“You pushed your ideas.”
Have you ever heard this? I have, and as a negative. We as developers work in a very collaborative way, so at first it’s understandable where this could be viewed poorly. However, when developing products for a client, how does one know when they are pushing idealism vs. professionalism?
So I posit: Idealism builds brand new things. Professionalism builds those things right.
After review of the code, having recently moved out of Dojo to Durandal, the code was structured, but fractured. Nothing was testable (a quality desired by both client and team). My answer was to bring in solid architectural principles based on the design of AngularJS. The shop was already using Durandal with future plans to move to Angular 2.0, so it seemed natural. I offered the ideas, was encouraged to share, and gave an informative (albeit direct) presentation to the back-end and front-end developers of what I dubbed a “client side data layer” to handle our communications. The Java developers grilled me hard, but we all agreed this was nothing more than a back and forth about understand the fullness of the design, not an argument. My team disagreed, thinking I had pushed too much. I later confirmed with the Java team this wasn’t the case.
Until I got push back, from my own team.
2 iterations after being allotted sprint time by the client my team lead had still been reallocating my time to bug fix tasks. I don’t mind helping, but 2 sprints of fixing bugs after such a successful start can be, truthfully, annoying. Along with other personal problems my work time suffered. The UI firm and I parted ways. Aside my time, “You pushed your ideas”, was the only other thing mentioned.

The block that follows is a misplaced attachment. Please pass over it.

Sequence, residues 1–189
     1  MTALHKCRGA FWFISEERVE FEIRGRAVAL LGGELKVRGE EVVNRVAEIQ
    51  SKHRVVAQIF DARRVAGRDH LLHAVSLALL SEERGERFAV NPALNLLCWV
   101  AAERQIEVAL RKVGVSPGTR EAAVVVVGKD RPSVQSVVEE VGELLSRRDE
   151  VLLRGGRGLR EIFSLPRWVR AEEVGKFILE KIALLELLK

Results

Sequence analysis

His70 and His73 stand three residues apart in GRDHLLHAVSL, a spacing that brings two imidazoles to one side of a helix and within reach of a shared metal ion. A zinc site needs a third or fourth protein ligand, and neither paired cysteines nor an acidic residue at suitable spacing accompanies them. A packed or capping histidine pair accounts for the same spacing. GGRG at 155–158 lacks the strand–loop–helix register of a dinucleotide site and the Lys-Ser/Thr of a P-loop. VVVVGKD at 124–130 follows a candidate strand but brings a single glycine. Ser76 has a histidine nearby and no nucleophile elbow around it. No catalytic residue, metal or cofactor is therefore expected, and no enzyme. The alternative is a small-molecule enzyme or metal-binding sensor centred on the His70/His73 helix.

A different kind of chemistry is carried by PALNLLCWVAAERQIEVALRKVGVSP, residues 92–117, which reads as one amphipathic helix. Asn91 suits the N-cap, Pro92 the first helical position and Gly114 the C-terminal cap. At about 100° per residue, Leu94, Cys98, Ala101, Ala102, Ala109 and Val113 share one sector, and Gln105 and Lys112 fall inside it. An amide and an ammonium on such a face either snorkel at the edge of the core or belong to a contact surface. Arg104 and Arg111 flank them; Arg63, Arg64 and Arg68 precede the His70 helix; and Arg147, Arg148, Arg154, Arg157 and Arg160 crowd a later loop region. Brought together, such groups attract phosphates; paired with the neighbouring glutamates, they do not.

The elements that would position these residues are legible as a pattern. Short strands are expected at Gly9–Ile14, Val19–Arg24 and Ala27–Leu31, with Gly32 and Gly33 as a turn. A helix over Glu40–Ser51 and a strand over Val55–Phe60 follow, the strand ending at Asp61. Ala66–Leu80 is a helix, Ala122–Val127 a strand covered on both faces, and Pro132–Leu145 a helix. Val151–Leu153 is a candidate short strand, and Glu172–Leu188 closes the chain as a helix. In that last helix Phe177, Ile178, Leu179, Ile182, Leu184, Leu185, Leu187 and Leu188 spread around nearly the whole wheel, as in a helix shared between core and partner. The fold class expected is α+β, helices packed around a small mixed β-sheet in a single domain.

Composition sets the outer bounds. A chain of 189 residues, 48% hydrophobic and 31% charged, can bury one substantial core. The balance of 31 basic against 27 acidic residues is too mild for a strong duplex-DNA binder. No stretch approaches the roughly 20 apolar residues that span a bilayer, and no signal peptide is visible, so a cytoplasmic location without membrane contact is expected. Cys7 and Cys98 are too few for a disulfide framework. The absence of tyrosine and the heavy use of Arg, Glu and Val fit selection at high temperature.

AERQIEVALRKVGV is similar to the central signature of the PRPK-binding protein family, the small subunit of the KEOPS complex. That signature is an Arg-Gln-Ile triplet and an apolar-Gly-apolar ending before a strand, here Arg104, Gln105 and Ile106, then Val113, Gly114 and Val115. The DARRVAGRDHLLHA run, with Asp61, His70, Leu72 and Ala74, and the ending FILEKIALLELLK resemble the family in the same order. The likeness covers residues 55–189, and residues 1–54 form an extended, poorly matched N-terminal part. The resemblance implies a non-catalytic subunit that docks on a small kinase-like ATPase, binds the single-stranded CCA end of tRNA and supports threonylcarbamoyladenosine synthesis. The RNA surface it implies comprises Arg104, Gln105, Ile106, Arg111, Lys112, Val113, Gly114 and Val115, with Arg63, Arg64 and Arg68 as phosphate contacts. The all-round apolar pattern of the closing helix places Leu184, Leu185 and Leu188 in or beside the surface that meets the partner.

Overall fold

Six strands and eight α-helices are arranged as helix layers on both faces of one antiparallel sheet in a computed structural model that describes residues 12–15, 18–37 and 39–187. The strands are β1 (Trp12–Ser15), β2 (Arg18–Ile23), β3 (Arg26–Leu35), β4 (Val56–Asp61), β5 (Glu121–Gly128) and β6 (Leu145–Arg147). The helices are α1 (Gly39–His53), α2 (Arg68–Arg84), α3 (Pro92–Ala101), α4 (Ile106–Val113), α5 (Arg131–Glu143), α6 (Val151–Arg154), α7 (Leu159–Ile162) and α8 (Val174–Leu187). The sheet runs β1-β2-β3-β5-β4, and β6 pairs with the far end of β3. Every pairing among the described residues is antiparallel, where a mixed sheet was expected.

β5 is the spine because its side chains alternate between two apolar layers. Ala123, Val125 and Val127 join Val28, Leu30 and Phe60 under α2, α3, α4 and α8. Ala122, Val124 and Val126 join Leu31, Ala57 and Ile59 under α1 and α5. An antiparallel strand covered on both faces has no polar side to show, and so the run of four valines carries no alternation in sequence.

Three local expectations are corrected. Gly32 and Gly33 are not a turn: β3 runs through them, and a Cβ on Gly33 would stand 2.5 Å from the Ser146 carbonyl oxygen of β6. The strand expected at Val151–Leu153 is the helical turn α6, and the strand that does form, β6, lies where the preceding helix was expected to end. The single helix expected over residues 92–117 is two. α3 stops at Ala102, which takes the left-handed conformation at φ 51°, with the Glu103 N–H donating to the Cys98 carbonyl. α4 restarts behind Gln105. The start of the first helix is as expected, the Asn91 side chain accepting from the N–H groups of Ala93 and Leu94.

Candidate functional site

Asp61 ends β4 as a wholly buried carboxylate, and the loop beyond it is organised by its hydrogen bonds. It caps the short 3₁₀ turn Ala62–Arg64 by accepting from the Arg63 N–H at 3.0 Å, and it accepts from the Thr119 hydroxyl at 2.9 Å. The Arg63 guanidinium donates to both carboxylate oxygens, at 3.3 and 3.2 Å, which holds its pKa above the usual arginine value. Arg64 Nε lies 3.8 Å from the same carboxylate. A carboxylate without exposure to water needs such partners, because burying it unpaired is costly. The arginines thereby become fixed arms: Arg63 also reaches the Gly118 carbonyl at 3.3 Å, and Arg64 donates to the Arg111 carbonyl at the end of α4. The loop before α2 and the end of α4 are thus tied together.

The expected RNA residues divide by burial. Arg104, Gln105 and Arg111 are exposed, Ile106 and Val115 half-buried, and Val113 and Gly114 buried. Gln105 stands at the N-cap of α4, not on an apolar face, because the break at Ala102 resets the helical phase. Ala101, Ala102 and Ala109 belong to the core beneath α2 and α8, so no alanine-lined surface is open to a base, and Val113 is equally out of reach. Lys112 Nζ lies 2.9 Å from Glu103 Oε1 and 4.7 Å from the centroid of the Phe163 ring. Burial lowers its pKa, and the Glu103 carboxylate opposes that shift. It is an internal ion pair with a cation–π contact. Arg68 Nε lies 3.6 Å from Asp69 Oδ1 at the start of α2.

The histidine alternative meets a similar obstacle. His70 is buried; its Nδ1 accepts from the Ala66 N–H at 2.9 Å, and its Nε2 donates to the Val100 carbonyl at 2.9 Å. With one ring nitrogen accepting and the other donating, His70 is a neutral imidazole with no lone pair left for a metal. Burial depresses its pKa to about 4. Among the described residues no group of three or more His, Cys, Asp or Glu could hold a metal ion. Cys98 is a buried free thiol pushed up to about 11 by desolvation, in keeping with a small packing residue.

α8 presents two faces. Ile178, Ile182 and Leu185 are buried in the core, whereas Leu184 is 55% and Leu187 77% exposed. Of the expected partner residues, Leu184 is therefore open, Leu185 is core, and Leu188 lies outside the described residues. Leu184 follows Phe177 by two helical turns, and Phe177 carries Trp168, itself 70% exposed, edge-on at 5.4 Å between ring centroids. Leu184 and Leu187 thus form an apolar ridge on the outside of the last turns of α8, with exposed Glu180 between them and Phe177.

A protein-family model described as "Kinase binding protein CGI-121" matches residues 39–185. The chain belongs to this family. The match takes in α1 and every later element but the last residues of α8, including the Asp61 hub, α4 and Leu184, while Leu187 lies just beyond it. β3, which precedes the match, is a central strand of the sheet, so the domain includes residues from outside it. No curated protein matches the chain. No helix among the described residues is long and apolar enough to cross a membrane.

Idealism or professionalism, what have I witnessed? Should a developer strive to provide the solutions to the problems presented him, or should they earn money from the client through hand holding the client while they decide what they want? The first I truly know to be a right way. There are honest people that earn money doing the second. Is their title “Developer”, “Architect”, or “Programmer”? It’s obvious my opinion is no. I believe my experience is exactly what I am hired for, and in a niche where misinformation is rampant, clarity is key.
I understand many UI firms have a certain image they promote: “Creative Support” I like to call it. Help them believe your ideas are their own. I see a fundamental flaw when this approach is applied to code development.
What are your thoughts?